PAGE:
“Don’t let anyone tell you your vote doesn’t count”

FLINT, Michigan -- According to the Michigan Secretary of State, 2.9 million people in Michigan have already cast absentee ballots -- that’s about 60 percent of what the entire number of voters was in the 2016 election. As we approach a November 3 presidential election that is consequential, divisive, and occurring during a global pandemic that is entering its third surge in cases, there is arguably as much uncertainty around this election than any in our recent history.


The Secretary of State and election works will be following safety protocols and has a list of security measures on its website. Residents who still have absentee ballots SHOULD NOT MAIL THEM -- the city of Flint has six locations for them to be safely and securely dropped off:

  • Flint City Hall, 1101 S. Saginaw Street

  • Flint Police Station, 210 E. Fifth Street

  • Fire Station 3, 1525 Martin Luther King Avenue

  • Fire Station 5, 3402 Western Road

  • Fire Station 6, 716 West Pierson Road

  • Fire Station 8, 202 East Atherton Road


For additional voter information, call the City Clerk Election Division at (810) 766-7414.


Prior to Tuesday’s election, Flintside talked with Chia Morgan, a community activist and program coordinator at Well of Hope. Morgan was a local organizer for #WalkTheVote, a national organization that organized local “voting parades” in communities around the country to promote absentee voting information.


Flintside: How did you get involved with Walk the Vote?


Chia Morgan: “They actually called me. They got connected with me through another Flintstone and said would you mind helping us? It’s something that’s so close to my heart, it’s so important, so I said absolutely, just let me know what you need me to do in order to get people mobilized.”


Flintside: How many of these voting parades have you done?


Chia Morgan: “This is the third one. Last week probably had the most people come out, but the thing about it is it gets people mobilized on Facebook. Once we post the pictures, people go, ‘Oh, I’m gonna go (to the dropbox) tomorrow’ or ‘Oh, I found my ballot.’ So even if the numbers (of attendees) are in the 20s, it’s getting a bigger message out, mobilizing people, and getting young people to say, ‘if you can go walk from the courthouse to City Hall, I can just go put my ballot in.’ Some older people may not want to stand in line the day of (the election), but they can go bring their ballot.


“It’s been a nonpartisan effort, it’s brought people together. Your ballot is private, you don’t have to say who you’re voting for, but you have that collective mindset of we’re going to go put our ballots in and participate in the Democratic process.”


Flintside: How powerful is the visual of just seeing people participating, whether it’s on social media or seeing these parades in person?


Chia Morgan: “It’s very powerful. We are so divided right now on the issues -- as we should be. There are so many issues, and if you’re passionate about something, it may be divisive. However, you have to find something to bring you back, and I think the voting process is something that says this is my power, this is my voice, so I can go do that.”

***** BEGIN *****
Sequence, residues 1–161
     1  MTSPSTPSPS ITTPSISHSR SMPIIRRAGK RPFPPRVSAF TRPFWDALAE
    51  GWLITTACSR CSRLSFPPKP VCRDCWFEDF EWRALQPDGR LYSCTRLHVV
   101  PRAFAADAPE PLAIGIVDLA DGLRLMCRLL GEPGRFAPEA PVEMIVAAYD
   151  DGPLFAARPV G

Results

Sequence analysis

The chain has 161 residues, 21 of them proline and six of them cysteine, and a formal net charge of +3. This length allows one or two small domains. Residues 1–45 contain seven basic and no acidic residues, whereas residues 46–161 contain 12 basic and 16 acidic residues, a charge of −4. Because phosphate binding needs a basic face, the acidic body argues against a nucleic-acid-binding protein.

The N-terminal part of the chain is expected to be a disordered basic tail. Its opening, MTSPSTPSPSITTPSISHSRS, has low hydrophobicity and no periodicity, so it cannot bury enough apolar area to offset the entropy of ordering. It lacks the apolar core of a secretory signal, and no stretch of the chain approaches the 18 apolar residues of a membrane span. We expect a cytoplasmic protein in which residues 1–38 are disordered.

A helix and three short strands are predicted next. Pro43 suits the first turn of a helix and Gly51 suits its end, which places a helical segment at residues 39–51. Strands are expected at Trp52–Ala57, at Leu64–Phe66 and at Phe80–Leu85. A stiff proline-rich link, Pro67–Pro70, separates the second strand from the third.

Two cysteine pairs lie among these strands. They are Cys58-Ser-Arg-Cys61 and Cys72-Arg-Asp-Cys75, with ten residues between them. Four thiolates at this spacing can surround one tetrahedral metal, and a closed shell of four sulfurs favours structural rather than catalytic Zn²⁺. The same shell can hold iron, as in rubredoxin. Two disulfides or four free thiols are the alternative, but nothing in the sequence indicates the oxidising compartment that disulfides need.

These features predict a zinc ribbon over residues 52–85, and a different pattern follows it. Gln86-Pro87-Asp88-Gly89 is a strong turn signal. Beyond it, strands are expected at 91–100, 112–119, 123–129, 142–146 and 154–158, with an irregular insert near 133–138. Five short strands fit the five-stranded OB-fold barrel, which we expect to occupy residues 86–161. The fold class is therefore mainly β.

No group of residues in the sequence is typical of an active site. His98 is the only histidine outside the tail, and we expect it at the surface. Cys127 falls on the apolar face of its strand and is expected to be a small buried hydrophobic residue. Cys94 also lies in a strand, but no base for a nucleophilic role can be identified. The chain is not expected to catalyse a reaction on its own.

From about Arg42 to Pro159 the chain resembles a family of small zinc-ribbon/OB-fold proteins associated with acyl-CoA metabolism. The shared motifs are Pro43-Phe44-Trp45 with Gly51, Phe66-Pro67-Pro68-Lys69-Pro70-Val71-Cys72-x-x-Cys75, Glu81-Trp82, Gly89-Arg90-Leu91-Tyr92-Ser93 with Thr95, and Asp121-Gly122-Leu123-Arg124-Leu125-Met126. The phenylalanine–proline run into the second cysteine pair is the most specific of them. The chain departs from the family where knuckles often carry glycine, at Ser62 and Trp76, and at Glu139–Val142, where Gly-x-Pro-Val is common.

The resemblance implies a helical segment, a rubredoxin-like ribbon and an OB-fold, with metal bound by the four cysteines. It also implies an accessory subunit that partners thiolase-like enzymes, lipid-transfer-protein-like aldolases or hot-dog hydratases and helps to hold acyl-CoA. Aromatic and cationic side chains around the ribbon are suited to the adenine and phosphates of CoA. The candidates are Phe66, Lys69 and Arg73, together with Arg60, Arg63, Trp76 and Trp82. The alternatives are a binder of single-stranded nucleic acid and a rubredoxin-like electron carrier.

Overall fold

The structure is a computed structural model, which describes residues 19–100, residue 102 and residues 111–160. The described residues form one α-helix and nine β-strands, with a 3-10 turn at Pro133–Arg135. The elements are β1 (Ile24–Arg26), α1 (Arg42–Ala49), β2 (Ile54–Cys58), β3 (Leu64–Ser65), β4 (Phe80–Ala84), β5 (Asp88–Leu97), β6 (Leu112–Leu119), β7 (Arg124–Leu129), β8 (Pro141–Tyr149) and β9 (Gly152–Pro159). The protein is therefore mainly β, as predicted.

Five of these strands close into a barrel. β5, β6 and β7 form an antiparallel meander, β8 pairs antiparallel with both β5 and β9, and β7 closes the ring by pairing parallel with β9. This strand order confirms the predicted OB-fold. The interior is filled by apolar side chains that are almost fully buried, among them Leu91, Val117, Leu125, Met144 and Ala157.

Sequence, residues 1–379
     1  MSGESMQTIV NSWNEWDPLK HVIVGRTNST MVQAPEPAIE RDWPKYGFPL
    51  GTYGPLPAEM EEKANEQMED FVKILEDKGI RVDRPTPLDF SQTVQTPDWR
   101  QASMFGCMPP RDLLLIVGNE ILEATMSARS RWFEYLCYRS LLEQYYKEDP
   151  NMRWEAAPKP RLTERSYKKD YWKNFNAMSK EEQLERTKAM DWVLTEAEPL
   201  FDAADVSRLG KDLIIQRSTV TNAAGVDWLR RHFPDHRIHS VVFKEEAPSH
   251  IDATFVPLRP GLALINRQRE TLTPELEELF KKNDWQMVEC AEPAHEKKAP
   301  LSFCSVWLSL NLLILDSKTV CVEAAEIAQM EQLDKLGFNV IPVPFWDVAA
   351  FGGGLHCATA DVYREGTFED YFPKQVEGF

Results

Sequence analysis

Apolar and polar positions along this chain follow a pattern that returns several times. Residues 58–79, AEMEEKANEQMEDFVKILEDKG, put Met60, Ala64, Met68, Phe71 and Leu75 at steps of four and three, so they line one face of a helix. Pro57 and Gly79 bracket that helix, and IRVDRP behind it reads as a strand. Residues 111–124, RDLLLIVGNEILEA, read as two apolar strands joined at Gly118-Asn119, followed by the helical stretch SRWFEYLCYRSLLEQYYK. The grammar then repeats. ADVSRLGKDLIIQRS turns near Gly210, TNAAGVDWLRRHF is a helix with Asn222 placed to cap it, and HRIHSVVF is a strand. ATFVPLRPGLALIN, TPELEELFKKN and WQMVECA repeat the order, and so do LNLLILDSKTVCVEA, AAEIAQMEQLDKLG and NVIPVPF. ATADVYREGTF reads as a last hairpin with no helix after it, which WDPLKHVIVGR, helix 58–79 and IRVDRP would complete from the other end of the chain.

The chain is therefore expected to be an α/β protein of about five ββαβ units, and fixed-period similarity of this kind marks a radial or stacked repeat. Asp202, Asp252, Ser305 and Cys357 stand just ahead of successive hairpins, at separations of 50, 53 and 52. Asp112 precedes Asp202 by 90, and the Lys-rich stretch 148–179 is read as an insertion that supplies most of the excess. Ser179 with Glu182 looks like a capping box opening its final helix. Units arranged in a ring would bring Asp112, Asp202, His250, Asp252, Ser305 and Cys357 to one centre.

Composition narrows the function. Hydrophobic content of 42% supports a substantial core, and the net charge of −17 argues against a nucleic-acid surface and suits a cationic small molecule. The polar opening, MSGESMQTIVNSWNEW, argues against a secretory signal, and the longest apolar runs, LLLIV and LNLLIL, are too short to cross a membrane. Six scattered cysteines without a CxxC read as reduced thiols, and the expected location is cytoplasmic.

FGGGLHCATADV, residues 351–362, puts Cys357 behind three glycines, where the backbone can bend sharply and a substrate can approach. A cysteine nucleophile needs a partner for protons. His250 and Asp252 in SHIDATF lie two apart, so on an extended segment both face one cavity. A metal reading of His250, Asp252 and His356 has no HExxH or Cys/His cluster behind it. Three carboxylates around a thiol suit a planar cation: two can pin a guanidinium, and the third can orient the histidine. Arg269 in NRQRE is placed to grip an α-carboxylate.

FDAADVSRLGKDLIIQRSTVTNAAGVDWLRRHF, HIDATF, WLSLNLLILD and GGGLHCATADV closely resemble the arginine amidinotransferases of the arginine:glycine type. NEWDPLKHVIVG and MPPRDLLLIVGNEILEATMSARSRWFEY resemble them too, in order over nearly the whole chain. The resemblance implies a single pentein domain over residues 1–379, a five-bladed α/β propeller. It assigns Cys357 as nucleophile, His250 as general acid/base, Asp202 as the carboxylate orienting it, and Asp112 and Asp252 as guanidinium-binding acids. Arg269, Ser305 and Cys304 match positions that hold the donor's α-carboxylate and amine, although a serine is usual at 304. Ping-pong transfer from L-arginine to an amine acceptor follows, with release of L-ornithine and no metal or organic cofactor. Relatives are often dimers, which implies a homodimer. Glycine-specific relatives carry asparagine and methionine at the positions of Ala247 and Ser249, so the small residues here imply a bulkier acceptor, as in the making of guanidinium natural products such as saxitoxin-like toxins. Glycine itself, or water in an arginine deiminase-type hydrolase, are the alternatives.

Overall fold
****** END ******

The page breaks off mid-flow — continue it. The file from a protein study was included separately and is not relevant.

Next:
Flintside: This year, with the pandemic, with social unrest, with everything on peoples’ minds, as an activist, how creative do you have to be to help people focus or get your message across?


Chia Morgan: “You have to be very creative. We gave people free masks, so that’s one more you can have in your rotation. We invited people who were running for office out, so it gave people a chance to ask them questions in a face-to-face setting. You have to be creative, but people have been receptive to it.”


Flintside: In the 2016 presidential election in Flint, voter turnout was lower than it had been in 2008 and 2012. As someone on the ground, what do you feel is the enthusiasm level here for just getting out and voting this year?


Chia Morgan: “We’ve all lost people (to the coronavirus), whether it’s been a coworker, grandmother, sister, niece, relative. You have to be honest too about what has sprung up from the Breonna Taylor and George Floyd and Ahmaud Arbery protests, that is fueling people to the polls for various reasons. I think everything we’ve experienced in 2020 has been a driving emotional force to get people motivated to vote.”

Flintside: As we get close to Tuesday’s election, what advice would you have for people at the last minute?


Chia Morgan: “Do not mail your ballots, but you still do have time to get them in. There are drop boxes here at City Hall, there’s dropboxes at all of the fire stations in the city of Flint. Just go and get them in, be a part of the process. Don’t let anyone tell you your vote doesn’t count. If it didn’t, there wouldn’t be so many voter suppression initiatives.


“I’m passionate about my candidates and the issues that I’m voting for, but just go out and vote. Let your voice be heard, that’s ultimately what it’s about. Don’t vote for your candidates if you haven’t vetted them, don’t vote one way just because you’ve been a Democrat or a Republican your whole life, vote on the issues that are close to your heart."

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